The internet search engines are used nowadays to find almost everything, however “local” the requirement or need may be – and there’s little doubt that if your business is not there, represented at the top of the first page on the search engines, that you are missing out on what could potentially be a life changing number of customers. Those customers are the ones that could become your loyal, repeat customers that could contribute so much to the value of the goodwill in your business. They are the ones that could enable your business to reach that next level, say so that you could appoint a manger to take away a load of the day to day chores and administration and free up your time. It could put you on a huge step towards “automation” of your business – that other essential factor in generating valuable goodwill.

Many proprietors or managers of small, local businesses are not aware that the internet could have such an impact on their business. They think it is too expensive or too difficult for them. Nothing could be farther from the truth!

There’s little doubt that in the past some so called internet marketing experts have enshrined online advertising in a mystery of technical jargon so that you or I could not hope to understand it. Then they’ve charged the earth to develop an internet marketing campaign for you, but with no guarantees! We’re not pointing the finger and there are undoubtedly many genuine service providers out there, but just as undoubtedly there are those who have taken the uninitiated for a ride.

What you, the small business owner or manager, need to understand is that there are strategies available that cost little or nothing that are so easy to implement (if you have succeeded in downloading and printing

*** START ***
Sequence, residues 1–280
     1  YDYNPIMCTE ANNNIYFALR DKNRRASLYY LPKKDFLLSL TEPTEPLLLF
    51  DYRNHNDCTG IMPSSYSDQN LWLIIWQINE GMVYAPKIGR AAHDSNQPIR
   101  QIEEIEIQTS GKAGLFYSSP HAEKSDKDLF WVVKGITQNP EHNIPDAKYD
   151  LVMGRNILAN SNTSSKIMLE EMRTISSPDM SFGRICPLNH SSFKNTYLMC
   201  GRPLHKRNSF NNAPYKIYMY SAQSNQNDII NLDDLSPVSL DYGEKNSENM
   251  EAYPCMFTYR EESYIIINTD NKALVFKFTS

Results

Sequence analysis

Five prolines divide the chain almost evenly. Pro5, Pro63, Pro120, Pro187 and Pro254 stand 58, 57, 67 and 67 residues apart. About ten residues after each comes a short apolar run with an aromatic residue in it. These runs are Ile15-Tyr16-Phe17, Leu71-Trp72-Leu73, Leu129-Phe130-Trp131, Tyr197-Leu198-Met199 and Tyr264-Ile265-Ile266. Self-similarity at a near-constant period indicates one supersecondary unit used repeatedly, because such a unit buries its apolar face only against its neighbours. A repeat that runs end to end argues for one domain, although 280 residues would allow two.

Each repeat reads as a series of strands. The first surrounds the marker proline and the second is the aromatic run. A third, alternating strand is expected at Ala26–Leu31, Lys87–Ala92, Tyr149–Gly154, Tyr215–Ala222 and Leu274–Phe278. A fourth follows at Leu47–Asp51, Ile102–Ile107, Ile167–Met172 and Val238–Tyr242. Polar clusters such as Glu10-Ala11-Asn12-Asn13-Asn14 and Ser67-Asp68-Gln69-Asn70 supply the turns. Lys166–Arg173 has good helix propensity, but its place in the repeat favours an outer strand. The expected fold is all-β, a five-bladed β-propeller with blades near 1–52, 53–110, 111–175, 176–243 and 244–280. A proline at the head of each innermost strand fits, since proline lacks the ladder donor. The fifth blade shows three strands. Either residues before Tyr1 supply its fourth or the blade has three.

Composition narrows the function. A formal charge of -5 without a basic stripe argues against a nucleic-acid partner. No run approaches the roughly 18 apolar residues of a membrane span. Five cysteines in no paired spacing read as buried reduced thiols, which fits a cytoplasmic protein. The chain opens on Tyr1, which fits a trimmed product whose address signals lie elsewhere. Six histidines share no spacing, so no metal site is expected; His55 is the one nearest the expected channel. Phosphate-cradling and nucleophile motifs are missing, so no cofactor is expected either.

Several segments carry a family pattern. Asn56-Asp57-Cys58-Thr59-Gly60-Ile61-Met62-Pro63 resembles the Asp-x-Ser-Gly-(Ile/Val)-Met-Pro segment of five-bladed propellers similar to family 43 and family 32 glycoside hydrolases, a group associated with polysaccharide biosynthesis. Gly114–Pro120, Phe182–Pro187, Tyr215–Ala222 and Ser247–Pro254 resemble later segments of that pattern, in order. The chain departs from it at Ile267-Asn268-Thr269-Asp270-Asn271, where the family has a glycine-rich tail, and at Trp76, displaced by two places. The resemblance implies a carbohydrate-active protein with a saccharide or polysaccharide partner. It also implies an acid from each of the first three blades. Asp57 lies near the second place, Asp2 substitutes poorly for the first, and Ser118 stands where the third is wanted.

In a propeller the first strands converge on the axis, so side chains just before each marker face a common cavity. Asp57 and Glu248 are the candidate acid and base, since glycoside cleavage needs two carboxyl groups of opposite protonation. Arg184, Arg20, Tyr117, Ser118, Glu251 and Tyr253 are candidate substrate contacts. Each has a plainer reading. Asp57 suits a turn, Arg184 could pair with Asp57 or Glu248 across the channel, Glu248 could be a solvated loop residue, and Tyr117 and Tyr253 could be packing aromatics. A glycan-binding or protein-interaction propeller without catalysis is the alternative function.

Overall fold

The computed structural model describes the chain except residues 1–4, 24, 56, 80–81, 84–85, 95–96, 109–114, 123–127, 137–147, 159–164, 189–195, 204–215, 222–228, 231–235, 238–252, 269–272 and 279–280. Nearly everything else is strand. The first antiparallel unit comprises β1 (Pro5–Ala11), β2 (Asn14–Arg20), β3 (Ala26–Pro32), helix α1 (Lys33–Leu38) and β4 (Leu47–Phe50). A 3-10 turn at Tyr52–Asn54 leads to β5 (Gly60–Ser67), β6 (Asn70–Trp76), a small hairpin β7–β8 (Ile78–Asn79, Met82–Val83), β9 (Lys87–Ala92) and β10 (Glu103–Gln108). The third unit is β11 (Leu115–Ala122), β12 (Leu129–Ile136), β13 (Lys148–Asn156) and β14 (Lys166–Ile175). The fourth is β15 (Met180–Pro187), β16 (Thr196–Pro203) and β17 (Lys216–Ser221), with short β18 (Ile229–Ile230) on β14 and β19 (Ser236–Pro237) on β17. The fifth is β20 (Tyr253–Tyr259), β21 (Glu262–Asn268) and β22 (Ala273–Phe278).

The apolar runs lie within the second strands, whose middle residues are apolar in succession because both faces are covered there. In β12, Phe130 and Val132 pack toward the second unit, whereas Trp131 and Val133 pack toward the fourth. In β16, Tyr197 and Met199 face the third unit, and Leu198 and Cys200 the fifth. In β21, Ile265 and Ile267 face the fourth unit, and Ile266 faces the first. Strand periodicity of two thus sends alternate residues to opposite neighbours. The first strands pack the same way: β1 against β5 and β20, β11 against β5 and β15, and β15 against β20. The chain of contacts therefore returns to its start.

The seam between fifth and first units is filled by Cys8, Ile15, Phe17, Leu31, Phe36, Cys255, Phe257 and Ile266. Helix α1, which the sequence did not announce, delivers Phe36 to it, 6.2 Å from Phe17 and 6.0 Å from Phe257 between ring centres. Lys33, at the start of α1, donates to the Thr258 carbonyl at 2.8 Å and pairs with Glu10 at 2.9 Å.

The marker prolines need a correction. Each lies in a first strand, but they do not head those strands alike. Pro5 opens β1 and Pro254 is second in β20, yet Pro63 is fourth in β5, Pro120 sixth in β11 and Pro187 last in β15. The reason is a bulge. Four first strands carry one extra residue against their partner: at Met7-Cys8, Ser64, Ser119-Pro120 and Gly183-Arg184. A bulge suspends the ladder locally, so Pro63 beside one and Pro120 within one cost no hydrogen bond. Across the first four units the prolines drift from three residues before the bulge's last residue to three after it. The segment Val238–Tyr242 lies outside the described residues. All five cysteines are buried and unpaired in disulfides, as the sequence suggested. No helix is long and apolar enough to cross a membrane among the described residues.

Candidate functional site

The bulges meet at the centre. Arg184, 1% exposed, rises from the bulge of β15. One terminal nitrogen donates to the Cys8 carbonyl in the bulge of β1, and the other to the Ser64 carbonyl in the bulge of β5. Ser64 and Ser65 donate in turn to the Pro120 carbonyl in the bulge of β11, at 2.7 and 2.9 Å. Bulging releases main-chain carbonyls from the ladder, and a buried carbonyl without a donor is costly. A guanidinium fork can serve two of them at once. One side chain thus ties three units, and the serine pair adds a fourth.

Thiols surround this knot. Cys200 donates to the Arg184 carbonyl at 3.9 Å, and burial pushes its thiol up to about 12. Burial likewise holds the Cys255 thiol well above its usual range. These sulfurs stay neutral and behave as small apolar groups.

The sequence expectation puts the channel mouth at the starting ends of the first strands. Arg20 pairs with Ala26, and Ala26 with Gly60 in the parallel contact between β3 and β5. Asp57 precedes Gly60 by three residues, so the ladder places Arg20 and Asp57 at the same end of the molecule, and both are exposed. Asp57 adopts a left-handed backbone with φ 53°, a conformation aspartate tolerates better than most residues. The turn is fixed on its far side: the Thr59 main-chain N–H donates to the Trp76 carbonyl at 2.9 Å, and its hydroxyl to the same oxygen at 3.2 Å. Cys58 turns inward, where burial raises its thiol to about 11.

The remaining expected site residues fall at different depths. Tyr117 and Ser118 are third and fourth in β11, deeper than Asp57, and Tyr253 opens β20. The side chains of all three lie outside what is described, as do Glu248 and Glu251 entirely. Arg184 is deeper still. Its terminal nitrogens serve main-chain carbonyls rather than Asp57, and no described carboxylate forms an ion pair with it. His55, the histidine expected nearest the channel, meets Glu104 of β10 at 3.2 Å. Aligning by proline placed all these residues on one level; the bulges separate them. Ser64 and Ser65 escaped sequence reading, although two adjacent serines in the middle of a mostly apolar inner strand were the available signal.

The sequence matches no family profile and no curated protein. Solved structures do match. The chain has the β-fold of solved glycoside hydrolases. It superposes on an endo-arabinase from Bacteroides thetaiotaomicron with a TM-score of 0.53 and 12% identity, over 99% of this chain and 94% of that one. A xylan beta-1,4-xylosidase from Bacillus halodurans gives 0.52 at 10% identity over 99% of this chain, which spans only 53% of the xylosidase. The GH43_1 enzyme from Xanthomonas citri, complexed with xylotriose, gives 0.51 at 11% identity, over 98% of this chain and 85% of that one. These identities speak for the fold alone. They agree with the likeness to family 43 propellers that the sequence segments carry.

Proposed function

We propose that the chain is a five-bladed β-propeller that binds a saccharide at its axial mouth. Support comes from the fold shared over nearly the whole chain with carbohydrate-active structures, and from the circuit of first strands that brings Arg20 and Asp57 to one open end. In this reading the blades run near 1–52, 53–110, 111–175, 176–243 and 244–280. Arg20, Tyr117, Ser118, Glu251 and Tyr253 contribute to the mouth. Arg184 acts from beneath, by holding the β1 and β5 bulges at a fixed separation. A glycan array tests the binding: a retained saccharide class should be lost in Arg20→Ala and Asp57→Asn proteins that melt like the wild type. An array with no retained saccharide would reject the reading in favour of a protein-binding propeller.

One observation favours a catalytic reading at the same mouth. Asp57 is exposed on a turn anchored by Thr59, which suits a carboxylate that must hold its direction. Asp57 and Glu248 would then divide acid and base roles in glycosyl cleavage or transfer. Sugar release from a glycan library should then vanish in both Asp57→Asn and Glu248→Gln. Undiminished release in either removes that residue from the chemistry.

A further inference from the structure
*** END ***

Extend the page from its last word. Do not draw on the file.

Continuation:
The most valuable of business assets!

this e-book you have all the “technical ability” that you need) that you could see your business topping the search engines within a few days. You could also come to dominate the front page of the search engines for “local” searches.

The cost of this is, for many of the strategies available, nothing. For others there may be a small cost and if any of the strategies you feel you cannot deal with yourself they can be bought in for only a few $s or £s!

This e-book is not about marketing but about generating valuable goodwill in your business. You can see the value that could be added by a serious internet presence. If you click here you can view an introductory video (there’s no cost or obligation – not even an e-mail list opt in to complete unless you wish to) to the internet strategies available to you and to an example of the hugely valuable, low cost training that is available.

The most valuable of business assets!
Part 5 – Summary

 

So, what have we learned from this e-book?

 

It’s probably easiest to list the key points:

1. Goodwill is the amount a purchaser of a business is prepared to pay for that business in excess of the value of its other assets less liabilities.

2. Goodwill can be premises related, personal or genuine business goodwill. We have looked only at the business goodwill.

3. The value of goodwill is, in effect, a multiple of the maintainable profits of a business and the level of risk attributed to its acquisition.

4. The marketing policy of the business has a huge influence on both maintainable profits and risk by generating a base of satisfied customers upon which the business can rely.

5. “Automation” is also a significant factor in valuing goodwill but falls outside the scope of this e-book.

6. It is essential that the internet is in the marketing armoury of even the smallest, most local business if potential customers are not to be “stolen” by competitors.

7. Marketing on the internet is neither difficult nor expensive. Valuable training can be found here.

Presented with the compliments of Ace Business Promotions. For more information click here.
To register to receive our next e-book,
"The Key to Building Business Goodwill - The Automatic Business", click here.

© Copyright Coker Trading Company Limited 2010
*Ace Business Promotions is a trading name of Coker Trading Company Limited Registration number: Registered in England
Registered office: Foxhole House, Yeovil Road, East Coker, Somerset, BA22 9HH, England